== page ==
Unconstitutional State Food, Agriculture Crackdowns Spur Congress to Act

Earlier this summer, Rep. James Sensenbrenner (R-Calif.) introduced a bill that could dramatically change the ways states tax and regulate interstate commerce, including commerce in agriculture and food.
The bill, known as the No Regulation Without Representation Act of 2017, would bar states from regulating or taxing many businesses that don’t physically operate within their borders.
The bill is intended to rein in “certain State impositions on interstate commerce.” It declares “a State may tax or regulate a person’s activity in interstate commerce only when such person is physically present in the State during the period in which the tax or regulation is imposed.”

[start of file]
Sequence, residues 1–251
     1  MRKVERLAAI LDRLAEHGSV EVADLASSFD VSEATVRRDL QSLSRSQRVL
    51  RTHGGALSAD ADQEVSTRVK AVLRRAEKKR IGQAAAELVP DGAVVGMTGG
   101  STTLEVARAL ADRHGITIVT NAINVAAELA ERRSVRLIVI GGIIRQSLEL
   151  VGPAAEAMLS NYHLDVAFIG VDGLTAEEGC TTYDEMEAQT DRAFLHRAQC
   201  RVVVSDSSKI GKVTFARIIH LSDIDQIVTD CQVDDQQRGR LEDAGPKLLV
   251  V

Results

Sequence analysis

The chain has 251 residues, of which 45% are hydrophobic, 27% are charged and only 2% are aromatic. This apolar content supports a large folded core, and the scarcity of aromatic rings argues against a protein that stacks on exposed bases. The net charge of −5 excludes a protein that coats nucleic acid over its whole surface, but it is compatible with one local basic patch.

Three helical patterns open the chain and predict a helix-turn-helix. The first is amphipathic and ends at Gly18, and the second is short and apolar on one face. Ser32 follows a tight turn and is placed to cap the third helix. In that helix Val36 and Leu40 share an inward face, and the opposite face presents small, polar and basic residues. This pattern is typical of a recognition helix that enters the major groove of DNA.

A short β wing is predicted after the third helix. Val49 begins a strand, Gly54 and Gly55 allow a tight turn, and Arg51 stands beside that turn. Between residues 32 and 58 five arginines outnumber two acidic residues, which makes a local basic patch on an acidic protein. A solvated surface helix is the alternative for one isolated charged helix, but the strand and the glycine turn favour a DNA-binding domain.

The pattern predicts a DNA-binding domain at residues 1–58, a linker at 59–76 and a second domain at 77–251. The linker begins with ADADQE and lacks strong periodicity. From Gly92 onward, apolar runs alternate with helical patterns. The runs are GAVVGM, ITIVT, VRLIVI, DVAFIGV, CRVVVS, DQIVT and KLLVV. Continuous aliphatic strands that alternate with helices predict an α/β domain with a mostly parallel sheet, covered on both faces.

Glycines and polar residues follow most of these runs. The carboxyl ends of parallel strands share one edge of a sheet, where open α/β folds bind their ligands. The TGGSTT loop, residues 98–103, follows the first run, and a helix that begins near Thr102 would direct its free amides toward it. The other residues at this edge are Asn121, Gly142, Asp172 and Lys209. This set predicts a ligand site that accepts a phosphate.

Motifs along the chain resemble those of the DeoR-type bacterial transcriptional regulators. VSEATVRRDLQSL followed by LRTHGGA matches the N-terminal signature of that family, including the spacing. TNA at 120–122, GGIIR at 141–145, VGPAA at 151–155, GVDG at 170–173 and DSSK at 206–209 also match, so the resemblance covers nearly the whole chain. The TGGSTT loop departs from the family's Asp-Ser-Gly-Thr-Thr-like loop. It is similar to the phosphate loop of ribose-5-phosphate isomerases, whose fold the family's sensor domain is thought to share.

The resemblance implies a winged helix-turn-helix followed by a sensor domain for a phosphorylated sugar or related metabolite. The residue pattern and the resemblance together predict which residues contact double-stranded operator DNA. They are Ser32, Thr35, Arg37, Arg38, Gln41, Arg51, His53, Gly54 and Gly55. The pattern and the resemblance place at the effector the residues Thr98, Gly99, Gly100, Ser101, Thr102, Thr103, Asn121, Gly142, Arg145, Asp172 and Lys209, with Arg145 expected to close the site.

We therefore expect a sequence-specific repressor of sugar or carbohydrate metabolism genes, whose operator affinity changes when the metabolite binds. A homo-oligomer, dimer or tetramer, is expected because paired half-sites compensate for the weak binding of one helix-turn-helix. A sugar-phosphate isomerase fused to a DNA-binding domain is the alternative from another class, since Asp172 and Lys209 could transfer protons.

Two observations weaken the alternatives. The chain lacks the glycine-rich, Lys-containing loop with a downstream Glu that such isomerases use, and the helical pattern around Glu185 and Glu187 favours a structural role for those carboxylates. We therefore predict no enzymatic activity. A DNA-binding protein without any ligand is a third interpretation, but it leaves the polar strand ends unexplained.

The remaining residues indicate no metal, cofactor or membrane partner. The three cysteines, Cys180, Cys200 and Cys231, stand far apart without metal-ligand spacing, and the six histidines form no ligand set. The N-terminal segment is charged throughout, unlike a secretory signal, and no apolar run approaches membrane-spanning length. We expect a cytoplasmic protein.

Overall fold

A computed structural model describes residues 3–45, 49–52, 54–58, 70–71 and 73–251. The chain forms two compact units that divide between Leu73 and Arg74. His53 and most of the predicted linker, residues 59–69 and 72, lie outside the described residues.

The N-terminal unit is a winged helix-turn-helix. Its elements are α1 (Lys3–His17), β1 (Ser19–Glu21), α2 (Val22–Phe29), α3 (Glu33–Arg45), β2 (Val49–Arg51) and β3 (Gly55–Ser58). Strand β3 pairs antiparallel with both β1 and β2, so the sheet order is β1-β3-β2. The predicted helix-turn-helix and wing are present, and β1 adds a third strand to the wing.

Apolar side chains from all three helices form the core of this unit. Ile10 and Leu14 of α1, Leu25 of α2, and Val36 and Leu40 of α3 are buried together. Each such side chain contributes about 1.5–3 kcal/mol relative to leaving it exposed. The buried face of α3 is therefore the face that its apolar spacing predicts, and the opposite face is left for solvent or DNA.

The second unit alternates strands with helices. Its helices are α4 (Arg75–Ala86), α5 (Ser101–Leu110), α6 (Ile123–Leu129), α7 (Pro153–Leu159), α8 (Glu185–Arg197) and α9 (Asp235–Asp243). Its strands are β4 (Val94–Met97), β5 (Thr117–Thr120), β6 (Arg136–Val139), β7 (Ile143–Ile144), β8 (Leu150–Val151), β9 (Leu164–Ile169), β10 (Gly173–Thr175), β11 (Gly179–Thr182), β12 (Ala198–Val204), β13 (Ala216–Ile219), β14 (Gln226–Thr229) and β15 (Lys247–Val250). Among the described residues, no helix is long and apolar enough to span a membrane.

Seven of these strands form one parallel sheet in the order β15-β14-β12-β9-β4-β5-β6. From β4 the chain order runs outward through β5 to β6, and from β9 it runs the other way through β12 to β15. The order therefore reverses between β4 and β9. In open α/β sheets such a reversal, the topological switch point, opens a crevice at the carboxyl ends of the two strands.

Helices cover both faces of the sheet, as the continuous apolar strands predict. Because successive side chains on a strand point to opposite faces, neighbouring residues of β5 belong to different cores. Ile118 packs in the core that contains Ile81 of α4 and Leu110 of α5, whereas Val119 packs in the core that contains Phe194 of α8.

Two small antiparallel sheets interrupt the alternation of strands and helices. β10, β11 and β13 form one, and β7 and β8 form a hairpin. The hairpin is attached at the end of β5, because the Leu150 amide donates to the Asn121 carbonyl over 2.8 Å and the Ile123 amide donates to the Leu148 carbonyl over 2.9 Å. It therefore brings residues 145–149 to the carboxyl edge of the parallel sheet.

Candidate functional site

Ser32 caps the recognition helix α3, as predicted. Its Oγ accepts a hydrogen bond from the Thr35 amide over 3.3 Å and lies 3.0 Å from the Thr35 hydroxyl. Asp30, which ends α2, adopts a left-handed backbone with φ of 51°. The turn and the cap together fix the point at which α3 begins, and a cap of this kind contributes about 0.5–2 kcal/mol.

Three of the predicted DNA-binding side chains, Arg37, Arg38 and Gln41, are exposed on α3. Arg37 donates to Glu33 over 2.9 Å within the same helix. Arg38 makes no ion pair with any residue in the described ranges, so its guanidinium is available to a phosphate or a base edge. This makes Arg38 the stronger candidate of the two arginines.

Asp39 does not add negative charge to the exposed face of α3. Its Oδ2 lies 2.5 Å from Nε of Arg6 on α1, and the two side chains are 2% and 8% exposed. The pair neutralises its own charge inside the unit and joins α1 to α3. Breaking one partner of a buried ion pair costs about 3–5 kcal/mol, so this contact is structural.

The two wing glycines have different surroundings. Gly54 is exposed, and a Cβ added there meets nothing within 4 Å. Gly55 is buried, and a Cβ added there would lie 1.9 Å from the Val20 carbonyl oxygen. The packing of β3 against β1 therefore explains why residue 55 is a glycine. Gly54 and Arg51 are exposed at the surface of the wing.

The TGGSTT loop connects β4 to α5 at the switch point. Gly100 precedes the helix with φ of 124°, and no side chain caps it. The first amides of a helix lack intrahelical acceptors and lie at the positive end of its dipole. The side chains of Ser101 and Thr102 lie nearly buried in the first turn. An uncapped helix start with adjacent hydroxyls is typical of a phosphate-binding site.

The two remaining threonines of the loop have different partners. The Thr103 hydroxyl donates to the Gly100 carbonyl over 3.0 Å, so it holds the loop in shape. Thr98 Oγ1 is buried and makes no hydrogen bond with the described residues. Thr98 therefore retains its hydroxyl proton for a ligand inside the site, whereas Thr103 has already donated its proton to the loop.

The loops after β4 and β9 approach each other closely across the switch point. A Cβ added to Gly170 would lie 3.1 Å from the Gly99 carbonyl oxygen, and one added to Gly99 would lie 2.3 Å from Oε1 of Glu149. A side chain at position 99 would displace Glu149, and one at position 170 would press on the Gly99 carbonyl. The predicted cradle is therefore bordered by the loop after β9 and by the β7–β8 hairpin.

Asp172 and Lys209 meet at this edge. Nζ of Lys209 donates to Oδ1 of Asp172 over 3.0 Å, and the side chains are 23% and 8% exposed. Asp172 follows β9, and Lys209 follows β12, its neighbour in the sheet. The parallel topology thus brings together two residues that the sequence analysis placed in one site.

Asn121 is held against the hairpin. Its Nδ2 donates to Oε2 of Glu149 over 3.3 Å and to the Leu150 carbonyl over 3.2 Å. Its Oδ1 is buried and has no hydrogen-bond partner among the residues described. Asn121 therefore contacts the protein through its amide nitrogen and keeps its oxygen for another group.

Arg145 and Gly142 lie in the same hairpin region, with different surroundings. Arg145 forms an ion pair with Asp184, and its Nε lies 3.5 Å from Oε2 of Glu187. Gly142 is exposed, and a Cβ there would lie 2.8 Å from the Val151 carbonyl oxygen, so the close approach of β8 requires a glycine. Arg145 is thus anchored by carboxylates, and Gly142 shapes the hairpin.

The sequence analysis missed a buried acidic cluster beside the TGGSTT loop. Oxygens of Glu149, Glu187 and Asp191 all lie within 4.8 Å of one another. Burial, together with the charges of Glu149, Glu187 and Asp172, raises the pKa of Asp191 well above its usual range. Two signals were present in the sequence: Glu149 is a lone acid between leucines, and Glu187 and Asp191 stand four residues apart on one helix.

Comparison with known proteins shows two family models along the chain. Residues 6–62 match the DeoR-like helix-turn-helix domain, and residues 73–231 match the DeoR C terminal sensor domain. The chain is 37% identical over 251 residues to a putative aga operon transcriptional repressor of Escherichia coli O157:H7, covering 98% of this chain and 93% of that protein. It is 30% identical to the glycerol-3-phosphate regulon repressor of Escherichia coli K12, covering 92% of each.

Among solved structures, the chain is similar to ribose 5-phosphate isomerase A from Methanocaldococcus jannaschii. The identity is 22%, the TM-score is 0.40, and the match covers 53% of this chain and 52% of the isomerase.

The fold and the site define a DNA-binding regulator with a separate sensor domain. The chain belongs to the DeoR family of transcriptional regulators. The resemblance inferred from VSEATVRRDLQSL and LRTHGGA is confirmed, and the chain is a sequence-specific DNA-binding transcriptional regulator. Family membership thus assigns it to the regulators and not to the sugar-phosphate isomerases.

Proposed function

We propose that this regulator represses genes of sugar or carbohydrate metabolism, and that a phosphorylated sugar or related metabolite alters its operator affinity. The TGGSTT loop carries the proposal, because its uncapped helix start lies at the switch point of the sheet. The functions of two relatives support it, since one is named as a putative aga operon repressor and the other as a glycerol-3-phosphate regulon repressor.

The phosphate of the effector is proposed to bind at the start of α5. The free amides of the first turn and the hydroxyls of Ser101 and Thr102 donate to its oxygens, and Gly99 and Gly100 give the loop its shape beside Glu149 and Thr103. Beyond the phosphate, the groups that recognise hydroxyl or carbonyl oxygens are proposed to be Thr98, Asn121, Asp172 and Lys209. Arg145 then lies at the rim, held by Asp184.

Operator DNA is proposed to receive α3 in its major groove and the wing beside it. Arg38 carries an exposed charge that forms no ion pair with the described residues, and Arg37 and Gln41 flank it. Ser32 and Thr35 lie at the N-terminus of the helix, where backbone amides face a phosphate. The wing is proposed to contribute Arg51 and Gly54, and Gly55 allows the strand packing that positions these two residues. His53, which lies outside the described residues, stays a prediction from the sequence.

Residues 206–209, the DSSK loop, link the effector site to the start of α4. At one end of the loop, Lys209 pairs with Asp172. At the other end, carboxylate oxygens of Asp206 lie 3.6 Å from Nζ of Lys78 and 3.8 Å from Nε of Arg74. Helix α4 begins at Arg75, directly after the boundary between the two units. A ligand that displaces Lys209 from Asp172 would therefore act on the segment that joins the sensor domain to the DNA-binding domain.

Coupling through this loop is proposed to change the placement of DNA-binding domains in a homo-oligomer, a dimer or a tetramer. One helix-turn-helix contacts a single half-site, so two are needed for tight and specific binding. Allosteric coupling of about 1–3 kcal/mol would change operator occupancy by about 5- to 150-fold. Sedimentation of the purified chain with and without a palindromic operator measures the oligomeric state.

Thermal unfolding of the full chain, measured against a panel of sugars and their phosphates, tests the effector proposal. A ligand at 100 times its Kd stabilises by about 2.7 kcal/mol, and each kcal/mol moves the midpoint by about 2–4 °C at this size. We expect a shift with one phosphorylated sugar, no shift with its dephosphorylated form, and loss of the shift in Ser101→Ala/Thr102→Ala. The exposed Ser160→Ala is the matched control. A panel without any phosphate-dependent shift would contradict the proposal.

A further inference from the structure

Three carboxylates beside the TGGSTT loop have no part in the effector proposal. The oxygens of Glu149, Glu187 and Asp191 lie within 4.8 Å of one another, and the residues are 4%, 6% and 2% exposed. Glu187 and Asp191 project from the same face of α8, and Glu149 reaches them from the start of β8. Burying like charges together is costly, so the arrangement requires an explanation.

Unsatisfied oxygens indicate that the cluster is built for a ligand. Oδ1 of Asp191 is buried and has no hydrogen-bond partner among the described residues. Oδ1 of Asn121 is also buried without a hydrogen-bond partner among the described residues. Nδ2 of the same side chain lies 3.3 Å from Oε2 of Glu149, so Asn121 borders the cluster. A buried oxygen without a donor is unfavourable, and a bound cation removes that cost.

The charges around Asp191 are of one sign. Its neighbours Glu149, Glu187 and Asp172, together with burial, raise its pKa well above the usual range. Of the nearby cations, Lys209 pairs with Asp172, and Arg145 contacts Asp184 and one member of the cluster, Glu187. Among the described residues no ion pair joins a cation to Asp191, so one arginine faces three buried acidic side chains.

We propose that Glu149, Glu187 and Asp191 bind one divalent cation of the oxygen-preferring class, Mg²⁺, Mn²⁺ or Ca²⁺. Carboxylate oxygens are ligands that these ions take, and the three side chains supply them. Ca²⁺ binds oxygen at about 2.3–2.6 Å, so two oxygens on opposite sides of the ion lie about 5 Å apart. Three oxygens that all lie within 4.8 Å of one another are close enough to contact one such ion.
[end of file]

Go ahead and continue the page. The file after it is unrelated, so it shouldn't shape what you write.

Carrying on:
But wait. Doesn’t the Constitution already prohibit states from regulating interstate commerce, via the Commerce Clause (and its corollary, the dormant Commerce Clause) and the Fourteenth Amendment? You bet! But states increasingly ignore those edicts.
Take Massachusetts, where voters in November adopted Question 3. The law, which won’t take effect

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